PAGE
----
- Kate Raworth discusses the need to orient ourselves toward measures of progress based on well-being rather than growth - both due to its being intrinsically more important, and more sustainable under conditions of dwindling environmental resources. And Sonali Kolhatkar laments the U.S.' choice - largely paralleled in Canada - between a party determined to accelerate the climate breakdown and one which promises little improvement beyond a slower death. 

- Laura Cozzi and Apostolos Petropoulos highlight how larger SUVs are one of the major contributors to increases in carbon pollution. Matthew Taylor reports on a new study showing the racial and class dynamics behind greenhouse gas emissions in the UK, with wealthy white men as by far the worst class of polluters. And Karl Bode discusses how the U.S. has passed legislation to close off one of the few tools available to hold the wealthiest few to account for their environmental destruction in the form of emissions from private jets.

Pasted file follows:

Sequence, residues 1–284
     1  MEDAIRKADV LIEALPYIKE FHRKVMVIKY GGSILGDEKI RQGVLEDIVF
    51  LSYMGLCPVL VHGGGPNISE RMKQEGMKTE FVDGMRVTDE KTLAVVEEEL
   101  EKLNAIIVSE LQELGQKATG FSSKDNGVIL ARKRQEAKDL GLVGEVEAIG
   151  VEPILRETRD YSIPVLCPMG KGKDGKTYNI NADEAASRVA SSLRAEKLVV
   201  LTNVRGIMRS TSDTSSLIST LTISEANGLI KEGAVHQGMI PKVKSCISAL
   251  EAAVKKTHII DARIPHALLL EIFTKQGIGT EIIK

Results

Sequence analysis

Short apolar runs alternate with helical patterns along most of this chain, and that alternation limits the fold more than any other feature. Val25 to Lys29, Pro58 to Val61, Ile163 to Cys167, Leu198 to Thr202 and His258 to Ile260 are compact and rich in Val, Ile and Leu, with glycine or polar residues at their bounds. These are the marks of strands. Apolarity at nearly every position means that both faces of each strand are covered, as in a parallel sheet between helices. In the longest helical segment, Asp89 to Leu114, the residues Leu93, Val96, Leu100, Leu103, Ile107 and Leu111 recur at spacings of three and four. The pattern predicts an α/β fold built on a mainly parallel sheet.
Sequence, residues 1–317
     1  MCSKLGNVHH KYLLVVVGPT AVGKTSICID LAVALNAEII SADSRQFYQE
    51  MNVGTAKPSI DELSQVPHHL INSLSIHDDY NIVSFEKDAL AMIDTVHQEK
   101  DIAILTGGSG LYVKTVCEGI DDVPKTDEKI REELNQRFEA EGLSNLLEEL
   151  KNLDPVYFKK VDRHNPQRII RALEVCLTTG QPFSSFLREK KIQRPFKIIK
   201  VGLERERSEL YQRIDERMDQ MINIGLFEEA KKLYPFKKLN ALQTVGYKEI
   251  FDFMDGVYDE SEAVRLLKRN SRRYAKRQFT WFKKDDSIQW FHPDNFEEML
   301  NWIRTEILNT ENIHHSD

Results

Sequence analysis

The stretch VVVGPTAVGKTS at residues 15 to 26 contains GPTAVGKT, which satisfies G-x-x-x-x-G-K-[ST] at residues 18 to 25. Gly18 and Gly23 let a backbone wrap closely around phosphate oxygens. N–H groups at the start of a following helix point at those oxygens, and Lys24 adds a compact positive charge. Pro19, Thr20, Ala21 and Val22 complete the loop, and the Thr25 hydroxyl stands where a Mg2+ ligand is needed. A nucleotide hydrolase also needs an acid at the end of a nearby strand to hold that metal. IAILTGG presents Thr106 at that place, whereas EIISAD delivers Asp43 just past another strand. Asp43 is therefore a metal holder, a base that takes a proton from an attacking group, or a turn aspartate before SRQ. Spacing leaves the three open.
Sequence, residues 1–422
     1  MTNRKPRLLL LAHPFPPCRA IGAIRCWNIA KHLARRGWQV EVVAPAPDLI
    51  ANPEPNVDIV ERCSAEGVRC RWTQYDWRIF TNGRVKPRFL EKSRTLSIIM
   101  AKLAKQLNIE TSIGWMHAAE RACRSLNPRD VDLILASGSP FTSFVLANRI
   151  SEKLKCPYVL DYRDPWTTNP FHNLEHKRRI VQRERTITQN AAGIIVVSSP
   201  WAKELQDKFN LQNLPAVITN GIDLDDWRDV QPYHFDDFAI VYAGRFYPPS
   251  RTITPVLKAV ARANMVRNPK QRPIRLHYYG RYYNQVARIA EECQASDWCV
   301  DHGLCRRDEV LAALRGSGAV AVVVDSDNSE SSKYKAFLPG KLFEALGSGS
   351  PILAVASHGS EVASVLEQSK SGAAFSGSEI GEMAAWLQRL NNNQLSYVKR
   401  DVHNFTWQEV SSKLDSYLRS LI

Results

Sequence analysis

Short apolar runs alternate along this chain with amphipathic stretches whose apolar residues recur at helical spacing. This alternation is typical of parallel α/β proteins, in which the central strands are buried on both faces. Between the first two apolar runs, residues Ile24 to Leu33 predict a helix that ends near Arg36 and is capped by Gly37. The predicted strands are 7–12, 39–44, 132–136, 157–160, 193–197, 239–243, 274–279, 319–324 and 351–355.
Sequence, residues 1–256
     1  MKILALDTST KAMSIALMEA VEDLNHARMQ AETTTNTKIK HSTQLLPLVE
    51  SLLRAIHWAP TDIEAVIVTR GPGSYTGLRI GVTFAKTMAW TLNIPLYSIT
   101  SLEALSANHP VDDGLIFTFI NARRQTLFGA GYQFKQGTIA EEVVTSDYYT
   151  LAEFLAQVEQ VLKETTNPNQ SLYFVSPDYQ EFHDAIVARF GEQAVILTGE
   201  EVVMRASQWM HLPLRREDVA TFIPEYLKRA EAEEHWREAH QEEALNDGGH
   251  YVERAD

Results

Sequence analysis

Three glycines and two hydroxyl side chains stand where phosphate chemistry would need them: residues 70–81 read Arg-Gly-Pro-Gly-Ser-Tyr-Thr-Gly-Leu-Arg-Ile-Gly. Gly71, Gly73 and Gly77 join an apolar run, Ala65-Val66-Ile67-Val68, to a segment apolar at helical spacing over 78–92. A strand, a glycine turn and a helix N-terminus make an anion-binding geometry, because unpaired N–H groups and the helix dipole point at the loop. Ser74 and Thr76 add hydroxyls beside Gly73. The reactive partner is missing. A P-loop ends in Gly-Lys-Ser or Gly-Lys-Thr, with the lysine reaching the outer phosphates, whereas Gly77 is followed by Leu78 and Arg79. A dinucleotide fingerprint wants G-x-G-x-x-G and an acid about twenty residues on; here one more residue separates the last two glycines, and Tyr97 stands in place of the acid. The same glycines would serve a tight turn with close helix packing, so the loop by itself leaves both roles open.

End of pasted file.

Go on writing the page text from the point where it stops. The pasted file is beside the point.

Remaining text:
- Katrina Miller and Ryan Romard respond to a typical round of demands for austerity in the name of productivity by pointing out that it's inequality, not fair taxes, which results in stagnation and economic decay. 

- Finally, Kim Siever writes that we can't treat the ability of a worker to quit a single job as a remedy for a system designed for exploitation. 

Tuesday, May 28, 2024

Tuesday Afternoon Links

This and that for your Tuesday reading.

- Novinite surveys the numerous countries facing unprecedented heat warnings as the most extreme effects of the climate crisis hit earlier in the year than ever before. And Matt Simon discusses the release of black carbon from wildfires as yet another dangerous climate feedback loop. 

- Emma Cooper-Smith and Hannah Lindell-Smith highlight how liquified natural gas is a climate menace rather than a solution. But Christopher Bonasia reports on a Con-affiliated lobby group's insistence on running ads which have been found to be misleading as their fossil fuel fanaticism outweighs any interest in accurate information, while Rob Miller calls out the oil and gas industry for its spin and propaganda seeking to expand dirty energy production and consumption alike.